Pfizer says its updated booster, which was designed to target Omicron BA.4 and BA.5, also protects against surging Omicron subvariants like BQ.1.1 and BQ.1.
A month after getting the bivalent booster, adults 55 and over were found to have a nine-fold increase in antibodies against BQ.1.1, Pfizer said in a news release. People who got another dose of the original vaccine showed a two-fold increase in antibodies against BQ1.1.
“Results showed the bivalent vaccine booster elicited a greater rise in neutralizing antibody titers for all tested Omicron sublineages compared to the original vaccine, regardless of prior SARS-CoV-2 infection status,” Pfizer said.
Bivalent boosters contains two strains of vaccine – one to protect against the original COVID-19 virus and another targeting Omicron subvariants. The bivalent booster works best against BA.5, producing a 13-fold increase in antibodies in people older than 55, Pfizer has said.
When the updated booster was developed, BA.5 was the dominant strain of COVID in the United States, but that has changed in recent months.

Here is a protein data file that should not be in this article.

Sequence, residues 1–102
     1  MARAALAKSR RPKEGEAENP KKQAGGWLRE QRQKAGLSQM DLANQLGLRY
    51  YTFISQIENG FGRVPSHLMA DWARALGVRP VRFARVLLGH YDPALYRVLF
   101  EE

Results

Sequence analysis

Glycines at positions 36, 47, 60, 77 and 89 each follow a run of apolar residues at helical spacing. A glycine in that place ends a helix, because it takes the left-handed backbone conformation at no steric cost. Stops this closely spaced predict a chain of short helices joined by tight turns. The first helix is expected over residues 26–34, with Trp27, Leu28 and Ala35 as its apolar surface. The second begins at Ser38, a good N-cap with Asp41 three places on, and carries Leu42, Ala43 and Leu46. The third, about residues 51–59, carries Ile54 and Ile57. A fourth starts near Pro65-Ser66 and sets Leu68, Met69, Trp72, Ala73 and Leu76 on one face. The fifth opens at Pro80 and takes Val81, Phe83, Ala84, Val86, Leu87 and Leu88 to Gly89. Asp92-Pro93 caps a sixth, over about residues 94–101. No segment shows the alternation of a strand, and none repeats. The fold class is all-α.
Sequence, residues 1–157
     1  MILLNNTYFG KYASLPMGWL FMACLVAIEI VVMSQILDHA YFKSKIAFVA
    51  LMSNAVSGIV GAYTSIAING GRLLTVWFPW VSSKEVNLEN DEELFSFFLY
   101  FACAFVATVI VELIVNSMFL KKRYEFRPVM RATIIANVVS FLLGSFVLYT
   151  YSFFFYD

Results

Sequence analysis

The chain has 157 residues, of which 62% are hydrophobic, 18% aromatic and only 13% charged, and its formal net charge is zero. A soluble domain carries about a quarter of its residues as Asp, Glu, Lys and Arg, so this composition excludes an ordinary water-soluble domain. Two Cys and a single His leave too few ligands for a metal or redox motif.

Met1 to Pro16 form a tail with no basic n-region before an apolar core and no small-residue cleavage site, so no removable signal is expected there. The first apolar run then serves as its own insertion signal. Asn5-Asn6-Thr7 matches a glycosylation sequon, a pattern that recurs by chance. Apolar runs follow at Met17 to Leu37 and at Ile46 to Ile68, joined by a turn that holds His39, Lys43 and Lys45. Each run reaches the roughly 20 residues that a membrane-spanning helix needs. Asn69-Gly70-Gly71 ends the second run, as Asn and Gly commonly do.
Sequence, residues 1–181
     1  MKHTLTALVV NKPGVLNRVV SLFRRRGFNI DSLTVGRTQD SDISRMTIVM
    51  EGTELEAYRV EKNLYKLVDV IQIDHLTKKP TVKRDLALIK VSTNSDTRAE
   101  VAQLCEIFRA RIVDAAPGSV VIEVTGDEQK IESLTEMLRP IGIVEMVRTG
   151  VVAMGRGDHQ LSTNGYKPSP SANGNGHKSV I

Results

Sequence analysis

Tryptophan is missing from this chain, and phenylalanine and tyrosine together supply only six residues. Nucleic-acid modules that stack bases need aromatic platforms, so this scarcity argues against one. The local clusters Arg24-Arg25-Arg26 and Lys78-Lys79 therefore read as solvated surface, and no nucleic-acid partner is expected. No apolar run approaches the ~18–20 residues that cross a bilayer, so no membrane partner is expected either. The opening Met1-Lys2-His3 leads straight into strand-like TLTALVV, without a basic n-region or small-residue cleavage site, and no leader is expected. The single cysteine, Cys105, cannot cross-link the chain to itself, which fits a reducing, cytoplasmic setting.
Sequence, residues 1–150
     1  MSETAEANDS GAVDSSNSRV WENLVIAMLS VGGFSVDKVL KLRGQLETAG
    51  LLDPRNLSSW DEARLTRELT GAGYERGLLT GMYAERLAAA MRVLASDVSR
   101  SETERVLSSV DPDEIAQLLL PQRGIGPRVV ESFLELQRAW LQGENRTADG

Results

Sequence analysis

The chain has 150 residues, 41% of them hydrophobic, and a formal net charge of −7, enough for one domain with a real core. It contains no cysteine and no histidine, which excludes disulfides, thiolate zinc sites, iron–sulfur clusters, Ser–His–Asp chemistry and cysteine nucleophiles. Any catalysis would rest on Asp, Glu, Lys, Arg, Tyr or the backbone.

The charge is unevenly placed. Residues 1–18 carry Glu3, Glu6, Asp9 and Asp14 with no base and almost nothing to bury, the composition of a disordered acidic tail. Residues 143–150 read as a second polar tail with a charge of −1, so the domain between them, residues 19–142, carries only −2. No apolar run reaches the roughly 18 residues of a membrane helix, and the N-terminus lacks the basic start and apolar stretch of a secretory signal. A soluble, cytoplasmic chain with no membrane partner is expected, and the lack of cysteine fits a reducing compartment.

According to information posted by the U.S. Centers for Disease Control and Protection on Saturday, BA.5 now accounts for about 24% of cases while BQ.1.1 accounts for 24.2% and its cousin BQ.1 for 25%.
Moderna reported on Nov. 14 that its bivalent booster provides protection against BQ.1.1 but not as much as against the BA.5 variant.
Peter Marks, director of the FDA’s vaccine division, said he was encouraged by the findings from Pfizer and Moderna.
“With the increasing prevalence of BQ.1.1 and the amount of travel that will occur starting around Thanksgiving, it will be very important for all those eligible, and particularly older adults, to consider getting the updated vaccine for protection if they have not yet done so,” he said, according to CNBC.
Pfizer: “Pfizer and BioNTech Report New Data on Omicron BA.4/BA.5-Adapted Bivalent”
CDC: “Variant Proportions”
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